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Re: Fiberglass Wound Rod Blank (First Build)
Posted by: Jim Upton (---.socal.res.rr.com)
Date: March 10, 2019 02:18PM

Bruno, if you don't already have the blank, I would question the 4X rating. That usually means a rod rated for heavy line.

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Re: Fiberglass Wound Rod Blank (First Build)
Posted by: Chuck McIntyre (---.hlrn.qwest.net)
Date: March 10, 2019 05:50PM

I seem to recall that system of blank designation being used by Shakespeare. Or something similar,anyway.

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Re: Fiberglass Wound Rod Blank (First Build)
Posted by: Bruno Tymczyszyn (---.dyn.optonline.net)
Date: March 10, 2019 10:24PM

Wow, Linen line ?

Thanks for making me feel young for once...

I bought a little leather finger pad at some point, never really tried it , probably lost it..

As far as the blank goes the “xxxx” is basically me forgetting what the numbers were..

It was a URU with 4 or so digits... 6376 or something like that...

For some idiotic reason I thought I would remember it when I left the shop..

If I stop by the shop this week I’ll write it down or snap a pic.

I’ll look into the Shakespere angle, Thanks .

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Re: Fiberglass Wound Rod Blank (First Build)
Posted by: Anthony Unger (---.15.236.249.res-cmts.ovr.ptd.net)
Date: March 11, 2019 08:43AM

For what its worth, ive never used braid either... Lol

Your gonna have fun.. Your gonna get frustrated... Be CAREFUL there is absolutly noting that can help with this addiction... ;)

Ask many many questions... Fuji guides are the sure shot.. Cant go wrong there as previously stated.. For attaching the guides, may I suggest going with a size D thread... A is thin, D is a bit thicker.. Alot easier to work with when your starting

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Re: Fiberglass Wound Rod Blank (First Build)
Posted by: Bruno Tymczyszyn (---.dyn.optonline.net)
Date: March 12, 2019 12:07AM

Thanks Anthony,

Your response immediately gets the questions flowing..

1) This may sound nuts, but I have a wood lathe. is it crazy to smooth down a spiral wound glass rod ?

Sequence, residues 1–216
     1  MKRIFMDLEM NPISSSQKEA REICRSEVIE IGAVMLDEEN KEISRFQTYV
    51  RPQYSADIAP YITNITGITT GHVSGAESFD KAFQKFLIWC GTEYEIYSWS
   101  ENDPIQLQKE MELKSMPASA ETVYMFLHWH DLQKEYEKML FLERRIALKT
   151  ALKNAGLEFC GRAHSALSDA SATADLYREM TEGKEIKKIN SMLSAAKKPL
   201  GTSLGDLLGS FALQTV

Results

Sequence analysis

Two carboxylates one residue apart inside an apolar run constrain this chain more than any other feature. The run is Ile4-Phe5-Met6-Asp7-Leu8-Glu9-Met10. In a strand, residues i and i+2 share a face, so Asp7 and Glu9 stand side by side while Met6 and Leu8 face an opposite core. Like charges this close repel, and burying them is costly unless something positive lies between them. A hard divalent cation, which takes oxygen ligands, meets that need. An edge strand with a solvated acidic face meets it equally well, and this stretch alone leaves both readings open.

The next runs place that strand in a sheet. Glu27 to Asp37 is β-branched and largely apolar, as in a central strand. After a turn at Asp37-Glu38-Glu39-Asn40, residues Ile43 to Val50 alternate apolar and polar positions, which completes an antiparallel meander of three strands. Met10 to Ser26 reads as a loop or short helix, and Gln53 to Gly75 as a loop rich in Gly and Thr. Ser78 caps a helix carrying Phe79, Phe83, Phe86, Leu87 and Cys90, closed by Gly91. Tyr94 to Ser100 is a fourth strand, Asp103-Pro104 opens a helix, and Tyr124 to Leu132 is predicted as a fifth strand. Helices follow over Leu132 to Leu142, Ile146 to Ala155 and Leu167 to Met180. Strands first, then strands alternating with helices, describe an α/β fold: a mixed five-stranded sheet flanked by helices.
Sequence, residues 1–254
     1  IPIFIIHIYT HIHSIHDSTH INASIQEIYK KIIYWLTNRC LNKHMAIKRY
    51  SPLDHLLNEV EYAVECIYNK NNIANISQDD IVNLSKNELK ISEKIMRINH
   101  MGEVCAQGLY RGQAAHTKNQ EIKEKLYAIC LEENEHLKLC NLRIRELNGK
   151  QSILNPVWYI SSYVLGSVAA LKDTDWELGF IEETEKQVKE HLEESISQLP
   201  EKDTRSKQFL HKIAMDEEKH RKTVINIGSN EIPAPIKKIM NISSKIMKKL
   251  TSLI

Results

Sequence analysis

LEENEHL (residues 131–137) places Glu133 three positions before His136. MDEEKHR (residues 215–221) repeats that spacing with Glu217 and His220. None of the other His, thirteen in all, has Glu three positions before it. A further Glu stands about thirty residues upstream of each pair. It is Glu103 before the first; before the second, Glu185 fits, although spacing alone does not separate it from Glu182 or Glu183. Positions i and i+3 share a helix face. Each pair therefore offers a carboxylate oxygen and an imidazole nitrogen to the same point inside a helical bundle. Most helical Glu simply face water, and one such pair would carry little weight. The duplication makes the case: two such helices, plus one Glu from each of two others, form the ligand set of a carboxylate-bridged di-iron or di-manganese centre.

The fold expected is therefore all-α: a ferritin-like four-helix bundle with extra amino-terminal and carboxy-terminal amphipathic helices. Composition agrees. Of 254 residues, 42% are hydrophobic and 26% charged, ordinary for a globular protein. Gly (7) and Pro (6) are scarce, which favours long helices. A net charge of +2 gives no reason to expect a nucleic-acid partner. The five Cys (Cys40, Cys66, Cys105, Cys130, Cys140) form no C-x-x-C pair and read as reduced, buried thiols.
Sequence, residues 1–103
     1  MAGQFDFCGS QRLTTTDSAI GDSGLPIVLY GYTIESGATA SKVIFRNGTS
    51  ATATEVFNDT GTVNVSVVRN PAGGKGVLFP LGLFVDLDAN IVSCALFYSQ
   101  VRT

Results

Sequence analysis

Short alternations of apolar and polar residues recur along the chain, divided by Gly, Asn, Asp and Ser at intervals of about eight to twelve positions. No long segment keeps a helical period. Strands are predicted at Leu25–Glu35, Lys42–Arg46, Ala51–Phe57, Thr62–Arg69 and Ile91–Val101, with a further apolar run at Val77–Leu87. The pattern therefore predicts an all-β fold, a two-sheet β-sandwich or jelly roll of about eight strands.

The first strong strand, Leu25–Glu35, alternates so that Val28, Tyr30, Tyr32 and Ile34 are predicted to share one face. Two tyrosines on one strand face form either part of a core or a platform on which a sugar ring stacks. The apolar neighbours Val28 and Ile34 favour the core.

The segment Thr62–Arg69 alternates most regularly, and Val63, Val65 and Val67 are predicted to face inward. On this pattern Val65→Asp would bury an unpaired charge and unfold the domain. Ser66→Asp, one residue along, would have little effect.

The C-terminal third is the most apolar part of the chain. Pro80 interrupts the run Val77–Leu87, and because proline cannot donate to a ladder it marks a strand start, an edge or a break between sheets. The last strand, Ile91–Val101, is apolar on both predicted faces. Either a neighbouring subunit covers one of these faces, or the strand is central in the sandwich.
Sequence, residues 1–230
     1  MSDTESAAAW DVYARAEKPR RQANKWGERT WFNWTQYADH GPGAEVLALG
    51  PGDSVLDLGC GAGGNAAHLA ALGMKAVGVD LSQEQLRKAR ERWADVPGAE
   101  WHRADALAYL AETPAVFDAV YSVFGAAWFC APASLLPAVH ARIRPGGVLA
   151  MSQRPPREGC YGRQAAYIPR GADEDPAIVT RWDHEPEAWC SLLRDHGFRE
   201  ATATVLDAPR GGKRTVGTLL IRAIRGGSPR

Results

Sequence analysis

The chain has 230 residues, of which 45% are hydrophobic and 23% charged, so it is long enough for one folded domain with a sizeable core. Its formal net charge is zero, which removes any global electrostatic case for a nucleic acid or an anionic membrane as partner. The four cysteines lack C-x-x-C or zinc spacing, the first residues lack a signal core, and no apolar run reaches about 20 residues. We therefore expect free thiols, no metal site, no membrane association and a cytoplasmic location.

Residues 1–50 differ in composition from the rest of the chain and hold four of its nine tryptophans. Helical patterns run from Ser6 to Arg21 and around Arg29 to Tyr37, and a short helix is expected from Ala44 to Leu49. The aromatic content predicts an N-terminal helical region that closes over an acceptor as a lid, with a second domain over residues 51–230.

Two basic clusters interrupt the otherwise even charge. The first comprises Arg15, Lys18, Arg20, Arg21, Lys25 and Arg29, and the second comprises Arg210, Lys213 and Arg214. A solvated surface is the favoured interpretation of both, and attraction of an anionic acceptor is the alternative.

To clarify, I found a crazy cheap blank that you can follow the spirals from the base to the tip... Assuming I misted with water or wore a respirator can I / should i smooth this blank out ?

(i saw a respected Brit rod builder on u tube doing a repair, and he says he's taken blanks down to the raw graphite )


Is that a mistake with fiberglass ?

You would think there's plenty of overlap , and I wouldn't be messing with the integrity of the blank.. but then again, what the @#$%& do i know.


2) I'm 80% through restoring a Singer Sewing Machine from 1918 my father bought, and who the @#$%& knew there were grades of thread !

Of course i assumed there were different threads and thicknesses, but is this a 'global' kind of thing ? or are there special gauges or something for this type of work ?

My guess is just about anything impregnated and under a massive coat of Epoxy will do, but is there a 'normal' thread ? Nylon ? Or is it from Cotton to Kevlar and you take your pick ?

Thanks,
-Bruno

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Re: Fiberglass Wound Rod Blank (First Build)
Posted by: Anthony Unger (---.15.236.249.res-cmts.ovr.ptd.net)
Date: March 12, 2019 01:58AM

Wow... Slow down there killer lol

First, i wouldnt get tour rod blank anywhere near your wood lathe... Think about it for a second... Take a 1/2 inch pine dowel, hold it at the end and shake the @#$%& out of it... Notice how the wood flexs... Now do the same with your blank.. Now with that in mind, think about what can happen at 750 rpm.. Lol before you can reach for the off switch youll have bits of rod inbeded in your arm.. Or worse...
Point is, the dynamics of a fishing rod can cause a failure almost instantly when oscillating at ay speed.. It will happen so fast you wont know what happen...

If you want to smooth the blank just get wet/dry sand paper.. I dont suggest going lower then 320.. I use A bowl of water, 320, 600, 2000, a 3000 buffing pad, then finish with the back of the pad, its like a soft cloth.. You will be surprised at how easily material comes off.. I can get a blank perfectly smooth in under 10 min. Anymore... Long slow strokes with even pressure.. The kicker is to sand evenly...

Even with the cheap blanks, they wrapped the material the way they did for a reason.. You can really screw up a rods action and power by removing material.. Adversly, once you get a better understanding, you can improve the blanks prdformance this way...

A good rule of thumb is any blank material removed, WILL effect the rods preformance, just as adding anything, like mlre thread wraps, or guides, will do the same..

Get a better understanding of how they are constructed before playing around like that lol